Rep. Cawthorn Had Nothing When Asked For ‘Concrete Evidence’ Of Voter Fraud

CNN anchor Pamela Brown and Rep. Madison Cawthorn
CNN anchor Pamela Brown and Rep. Madison Cawthorn (screen capture)

Hours after riling up Trump supporters at the now-infamous January 6 rally that led to the violent insurrection at the U.S. Capitol, freshman Rep. Madison Cawthorn (R-NC) joined fellow House Republicans in contesting election results during the certification of the Electoral College.

Cawthorn was a bit flummoxed during an appearance on CNN last night when he tried to explain his rationale for questioning the results.

“The things that I was not objecting to the election on behalf of was things like Dominion voting machines changing ballots, or these U-Haul trucks pulling up filled with ballots for Joe Biden as president,” said Cawthorn. “The thing I was objecting for is things like, like I said in the state of Wisconsin, particularly in the town of Madison … there was an appointed official in that town who actually went against the will of the state legislature and created ballot drop boxes, which is basically ballot harvesting that was happening in the parks.”

CNN anchor Pamela Brown pointed out that the Wisconsin issue Cawthorn brought up had been litigated in court and rejected by Trump-appointed judges. And that’s where Cawthorn found himself tossing word salads right and left.

“Indeed, I believe specifically, and this is the one that I debated on behalf of on the House floor, in Wisconsin that was never heard because they dismissed it because of standing,” he added. “Now I don’t believe that is a concrete enough of a way to dismiss it.”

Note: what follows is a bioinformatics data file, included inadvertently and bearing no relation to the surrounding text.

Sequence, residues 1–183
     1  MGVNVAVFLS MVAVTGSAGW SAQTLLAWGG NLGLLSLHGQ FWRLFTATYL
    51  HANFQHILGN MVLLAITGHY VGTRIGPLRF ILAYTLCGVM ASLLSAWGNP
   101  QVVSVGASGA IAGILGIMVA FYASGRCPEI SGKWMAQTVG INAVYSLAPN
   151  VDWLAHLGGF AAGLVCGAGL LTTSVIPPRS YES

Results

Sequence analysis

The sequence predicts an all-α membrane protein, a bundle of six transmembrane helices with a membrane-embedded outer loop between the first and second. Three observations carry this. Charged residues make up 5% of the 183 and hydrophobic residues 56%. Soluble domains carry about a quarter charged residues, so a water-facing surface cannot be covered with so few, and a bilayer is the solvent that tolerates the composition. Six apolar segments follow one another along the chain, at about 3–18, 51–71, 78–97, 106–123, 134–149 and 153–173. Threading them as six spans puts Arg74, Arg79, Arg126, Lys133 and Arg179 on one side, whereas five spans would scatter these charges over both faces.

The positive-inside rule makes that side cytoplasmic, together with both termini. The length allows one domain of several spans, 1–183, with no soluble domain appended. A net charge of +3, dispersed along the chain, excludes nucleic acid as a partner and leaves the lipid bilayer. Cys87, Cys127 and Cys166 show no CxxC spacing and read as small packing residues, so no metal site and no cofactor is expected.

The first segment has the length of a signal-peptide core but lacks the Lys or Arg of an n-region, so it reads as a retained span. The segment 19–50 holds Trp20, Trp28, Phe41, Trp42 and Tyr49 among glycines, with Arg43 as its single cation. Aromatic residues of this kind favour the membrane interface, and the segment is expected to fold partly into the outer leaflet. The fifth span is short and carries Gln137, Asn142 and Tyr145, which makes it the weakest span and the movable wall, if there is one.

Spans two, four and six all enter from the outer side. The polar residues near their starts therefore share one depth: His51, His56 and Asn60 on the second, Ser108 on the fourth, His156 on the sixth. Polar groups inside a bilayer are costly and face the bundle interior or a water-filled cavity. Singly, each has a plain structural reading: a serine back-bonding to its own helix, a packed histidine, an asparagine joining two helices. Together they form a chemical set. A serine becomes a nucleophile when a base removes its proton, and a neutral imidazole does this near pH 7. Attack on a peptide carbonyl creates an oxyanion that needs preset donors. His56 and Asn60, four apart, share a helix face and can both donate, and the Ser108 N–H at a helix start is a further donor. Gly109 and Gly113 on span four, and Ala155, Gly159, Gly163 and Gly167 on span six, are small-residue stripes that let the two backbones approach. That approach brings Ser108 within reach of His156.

Well, you have to have standing in order to bring a legal argument to court. That’s pretty much established…

Brown followed up asking Cawthorn for examples of ‘concrete evidence’ he’d seen of voter fraud. The 25-year-old found himself unable to cite any evidence that led him to believe there was widespread fraud.

“Like I said, that’s not the reason I contested the election,” he told Brown.

“So you wanted to throw out millions of votes without actually seeing any concrete evidence of fraud?” Brown asked. “Cause that’s what you were doing when you were contesting the election.”

Pause, pause, pause…

“I disagree with you on that point,” and again asserted his only goal had been to “hold up the Constitution.”

Brown then shifted to Cawthorn’s own state of North Carolina which had also amended election laws due to the COVID-19 pandemic. But for some reason he appeared to be unaware that his own state legislators had done the same thing Wisconsin elected official had done.

“I’m actually not aware of the laws that were changed inside of North Carolina,” Cawthorn replied. “I believe we had a very safe and very secure election here.”

In Texas we have a saying, “All hat, no cattle.”

You can watch the full exchange above or a few clips below.